The Magnetic North–Erland Cooper (Erland & the Carnival), guitar wizard Simon Tong (ex of The Verve) and Hannah Peel (composer and arranger) – steered clear from all the clichés about Skem and in writing about the town where Tong moved to at a young age and grew up in, have produced a record that deals with dreams, hope and visions of a better world.

By assiduously researching not only Tong’s childhood but also going to Skem and speaking with people who where there at the birth of the new town, immersing themselves in the place, The Magnetic North came up with a suite of songs that will live in your memory for a very long time.

There’s a constant thread throughout the album that things should be better and can be better and will be better. Its memories of half-remembered past, of Tong’s childhood and of a world that seems half-lost in mist, but is still out there, somewhere.

It’s difficult to isolate just one or two tracks for deserve special mention as the whole thing hangs together so well, but Sandy Lane, Signs and especially Little Jerusalem, where Peel’s crystal clear and diamond sharp voice, evokes both a weariness of the present and hope for the future and melts the iciest of hearts.

Prospect of Skelmersdale is a follow-up to what was intended to be a one-off album about Elrand Cooper’s birthplace (Orkney: Symphony of The Magnetic North) and with the tantalising prospect of a new Magnetic North album dealing with Hannah Peel’s childhood in the works, we at Getintothis can look forward to 2017 turning out a lot better than 2016.

There is always hope. Rick Leach

Getintothis on The Magnetic North

5. How To Dress Well: Care


Tom Krell‘s transformation into Michael Jackson pop is complete. While he showed distinct glimpses on 2014’s What Is This Heart, push forward two years and he’s utterly in the throws of raptures to MJ vocal ticks and chrome-plated slick-beat pop. You can almost hear the white socks being pulled on.

Care is a far cry from his introductory statement in 2010 with the gloomy, understated electro murk of the superlative Love Remains; instead his new album positively oozes Dangerous-era dance-floor shimmies – it’s illuminating and strident with big melancholic wonder.

Like Justin Timberlake, Krell is embracing MJ‘s directness while fusing his lyrics with self-doubt and tales of the night. The Ruins is like a gritty cousin of Dirty Diana, I Was Terrible a bubble-gum machine-gun which could light up multi-coloured disco floorboards, and the tremoring piano duel with sky-shattering Slash-via-Beat-It guitar solo arrives via the majestic killer Lost You / Lost Youth. They’ll Take Everything You Have, meanwhile, could be a 2016 update for Man In The Mirror.

Make no mistake though, this is far from pastiche, How To Dress Well albums are too strong for that and there’s enough tricks of musicality to keep long-time fans interested. Take Made A Lifetime with its treated funk synth line married to a cool vocal drip it’s as refreshing as cloudy lemonade on a summer’s afternoon.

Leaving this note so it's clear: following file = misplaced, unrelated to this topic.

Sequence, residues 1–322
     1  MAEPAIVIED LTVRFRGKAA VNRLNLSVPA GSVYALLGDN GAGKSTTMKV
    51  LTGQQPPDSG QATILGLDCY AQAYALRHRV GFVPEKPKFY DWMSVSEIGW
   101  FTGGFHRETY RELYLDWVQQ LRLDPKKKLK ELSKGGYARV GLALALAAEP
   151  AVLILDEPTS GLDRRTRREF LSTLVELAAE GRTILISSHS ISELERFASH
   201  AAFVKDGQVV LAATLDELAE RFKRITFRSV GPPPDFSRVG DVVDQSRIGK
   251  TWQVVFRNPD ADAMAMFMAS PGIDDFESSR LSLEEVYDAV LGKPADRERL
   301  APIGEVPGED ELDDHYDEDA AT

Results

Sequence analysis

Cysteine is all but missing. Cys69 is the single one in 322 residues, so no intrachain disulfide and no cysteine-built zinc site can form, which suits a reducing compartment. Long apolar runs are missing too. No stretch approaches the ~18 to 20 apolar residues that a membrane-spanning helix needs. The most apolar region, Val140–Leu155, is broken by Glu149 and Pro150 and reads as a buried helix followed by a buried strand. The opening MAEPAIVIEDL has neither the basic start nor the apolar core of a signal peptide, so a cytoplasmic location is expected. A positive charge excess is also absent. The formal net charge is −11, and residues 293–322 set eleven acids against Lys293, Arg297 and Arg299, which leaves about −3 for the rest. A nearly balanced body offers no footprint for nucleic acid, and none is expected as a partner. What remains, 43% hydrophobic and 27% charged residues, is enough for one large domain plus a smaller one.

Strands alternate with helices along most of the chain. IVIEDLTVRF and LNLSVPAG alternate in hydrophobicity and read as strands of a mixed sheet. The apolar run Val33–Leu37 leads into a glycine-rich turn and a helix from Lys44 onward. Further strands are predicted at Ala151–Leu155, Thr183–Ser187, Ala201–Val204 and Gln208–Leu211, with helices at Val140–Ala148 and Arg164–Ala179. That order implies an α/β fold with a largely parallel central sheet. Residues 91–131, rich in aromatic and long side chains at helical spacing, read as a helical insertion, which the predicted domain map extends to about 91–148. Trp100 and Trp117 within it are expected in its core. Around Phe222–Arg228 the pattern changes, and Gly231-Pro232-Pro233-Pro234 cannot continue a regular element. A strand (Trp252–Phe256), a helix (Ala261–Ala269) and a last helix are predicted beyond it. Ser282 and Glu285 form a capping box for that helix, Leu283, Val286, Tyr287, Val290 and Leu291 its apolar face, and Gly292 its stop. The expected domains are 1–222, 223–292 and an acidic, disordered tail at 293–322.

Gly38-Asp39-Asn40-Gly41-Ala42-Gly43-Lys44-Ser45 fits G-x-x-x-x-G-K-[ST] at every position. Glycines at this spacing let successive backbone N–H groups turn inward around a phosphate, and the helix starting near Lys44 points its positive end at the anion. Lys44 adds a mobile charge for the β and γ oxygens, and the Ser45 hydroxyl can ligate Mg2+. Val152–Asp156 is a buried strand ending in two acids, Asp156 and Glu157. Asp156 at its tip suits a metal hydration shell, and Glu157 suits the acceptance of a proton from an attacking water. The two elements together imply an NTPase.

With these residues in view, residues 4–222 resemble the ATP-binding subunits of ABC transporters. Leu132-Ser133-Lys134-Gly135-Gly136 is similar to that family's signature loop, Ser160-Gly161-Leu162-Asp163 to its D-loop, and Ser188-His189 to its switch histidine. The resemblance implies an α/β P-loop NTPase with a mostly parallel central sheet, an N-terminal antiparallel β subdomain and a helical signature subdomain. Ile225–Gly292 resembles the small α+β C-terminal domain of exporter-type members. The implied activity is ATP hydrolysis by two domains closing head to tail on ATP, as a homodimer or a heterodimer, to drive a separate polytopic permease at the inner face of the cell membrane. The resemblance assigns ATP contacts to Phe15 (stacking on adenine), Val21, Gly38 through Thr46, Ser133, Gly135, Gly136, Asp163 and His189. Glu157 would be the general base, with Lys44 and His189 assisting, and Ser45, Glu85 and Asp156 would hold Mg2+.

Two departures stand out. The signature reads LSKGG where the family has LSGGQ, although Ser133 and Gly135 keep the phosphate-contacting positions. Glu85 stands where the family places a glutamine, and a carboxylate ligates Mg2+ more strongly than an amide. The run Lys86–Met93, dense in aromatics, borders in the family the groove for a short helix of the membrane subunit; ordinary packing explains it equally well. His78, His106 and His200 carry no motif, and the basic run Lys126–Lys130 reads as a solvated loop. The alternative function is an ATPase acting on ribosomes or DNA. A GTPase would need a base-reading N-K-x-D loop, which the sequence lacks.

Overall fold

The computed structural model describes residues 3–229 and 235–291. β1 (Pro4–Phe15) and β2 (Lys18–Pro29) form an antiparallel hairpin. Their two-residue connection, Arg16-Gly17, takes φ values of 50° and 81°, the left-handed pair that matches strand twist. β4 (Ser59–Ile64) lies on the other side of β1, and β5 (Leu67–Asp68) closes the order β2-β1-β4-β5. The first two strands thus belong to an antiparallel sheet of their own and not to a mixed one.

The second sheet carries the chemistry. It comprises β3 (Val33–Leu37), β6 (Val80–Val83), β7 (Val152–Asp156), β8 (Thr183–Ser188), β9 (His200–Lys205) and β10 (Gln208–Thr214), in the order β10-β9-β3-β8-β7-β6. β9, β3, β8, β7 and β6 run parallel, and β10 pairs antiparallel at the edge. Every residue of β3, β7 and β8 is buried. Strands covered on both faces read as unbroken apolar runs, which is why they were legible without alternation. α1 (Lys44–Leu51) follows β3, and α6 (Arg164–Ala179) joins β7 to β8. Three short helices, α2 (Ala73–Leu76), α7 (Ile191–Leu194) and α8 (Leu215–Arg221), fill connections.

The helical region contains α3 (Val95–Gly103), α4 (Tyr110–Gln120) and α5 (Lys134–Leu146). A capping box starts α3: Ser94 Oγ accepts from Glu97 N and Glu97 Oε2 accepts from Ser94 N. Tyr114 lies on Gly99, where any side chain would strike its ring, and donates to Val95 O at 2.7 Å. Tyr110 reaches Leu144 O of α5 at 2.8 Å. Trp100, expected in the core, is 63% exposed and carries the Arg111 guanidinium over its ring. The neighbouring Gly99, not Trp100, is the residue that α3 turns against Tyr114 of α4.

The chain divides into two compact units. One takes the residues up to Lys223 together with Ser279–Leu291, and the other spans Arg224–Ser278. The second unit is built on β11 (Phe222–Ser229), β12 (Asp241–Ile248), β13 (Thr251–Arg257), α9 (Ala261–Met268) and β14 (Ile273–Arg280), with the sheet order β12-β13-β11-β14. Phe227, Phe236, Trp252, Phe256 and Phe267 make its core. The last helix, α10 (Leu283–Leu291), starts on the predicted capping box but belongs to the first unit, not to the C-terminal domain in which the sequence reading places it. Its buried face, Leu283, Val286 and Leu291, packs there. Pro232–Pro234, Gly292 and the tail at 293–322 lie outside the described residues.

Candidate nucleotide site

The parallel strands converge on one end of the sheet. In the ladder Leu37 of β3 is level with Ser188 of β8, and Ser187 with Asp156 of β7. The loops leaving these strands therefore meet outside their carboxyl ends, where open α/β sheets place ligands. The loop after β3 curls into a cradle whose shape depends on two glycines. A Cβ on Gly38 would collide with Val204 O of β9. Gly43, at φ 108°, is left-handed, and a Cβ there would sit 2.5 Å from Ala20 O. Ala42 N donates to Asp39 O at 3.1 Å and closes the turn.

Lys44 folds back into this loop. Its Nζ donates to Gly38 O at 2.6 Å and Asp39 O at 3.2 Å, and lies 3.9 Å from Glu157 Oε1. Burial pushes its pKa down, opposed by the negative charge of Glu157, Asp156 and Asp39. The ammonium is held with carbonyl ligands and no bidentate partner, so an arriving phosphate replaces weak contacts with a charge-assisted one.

Forget Corey Feldman‘s wild (and brilliantly honest) US TV performance, Krell is indie-electronica’s chameleon absolutely stealing The King Of Pop‘s throne. Peter Guy

Getintothis on How To Dress Well


House of Mythology

Ulver‘s ATGCLVLSSCAP – a whopping 80 minute leviathan of grooves, ambience and rhythmic thunder largely improvised during an 11-date European tour and later sculpted into the finished piece by Daniel O’Sullivan.

There’s barely a coherent strand running through the Norwegian collective’s twelfth studio album which they poignantly describe as “a hallucinatory travelogue“. Yet, the collated whole is nothing short of astonishing as you’re immersed into an abyss-like chasm of progressive instrumentalism and, crucially, an array of actual songs which tie the whole demented saga together.

All bases are covered; Om Hanumate Namah fuses voodoo blues, spectral echo-laden whispers and kraut textures, Glammer Hammer twins anvil-heavy guitar crashes amid electrical dissonance, Nowhere (Sweet Sixteen) is glorious Euro stadium rock while Desert Dawn is an operatic symphony of Goblin-inspired synths.

The musical scope is quite remarkable and the album reaches its zenith during the near 10-minute Cromagnosis which charts metallic tribal grooves which build to an undulating tremor only for a demonic latin percussive rumble to interrupt proceedings and stampede into a tidal wave of barbaric riffs. It’s monumentally huge.

In a so-daft-it’s-fantastic moment, penultimate track, Ecclesiastes (A Vernal Catnap) adds ’80s ballad complete with spoken word, gothic pianos and chest-beating vocal to the mix which would be all too much were it not so fucking brilliant. Peter Guy

Getintothis on Ulver

7. The Early Years: II

Sonic Cathedral

Not all Psych is good Psych. In fact there’s a fair bit of flimsy half-baked Psych out there – and some are calling for a Psych cull in what’s an already saturated market. But then again, there is, actually a lot of good Psych too.

Like gluttons we’re feasting on a bounty of Psychedelic platters. And yet no matter how much we fill our overloaded bellies with gratuitous levels of swollen Psych suppers there’s no end to this conveyor belt of Psych.

Just as well for The Early Years then, who rather than waiting for a gap in the market, have returned 10 years after their debut with an album rife with prime, tender Psych. What differentiates this from other Psych is that it’s really, really, really good Psych. The Best of Psych.

This is T-bone Psych. Natural History Museum Psych. Usain Psych. Gold Frankinpsych and Myrrh. 1000% Psych. Peter Guy

Getintothis on The Early Years

8. Ulrika Spacek: The Album Paranoia

Tough Love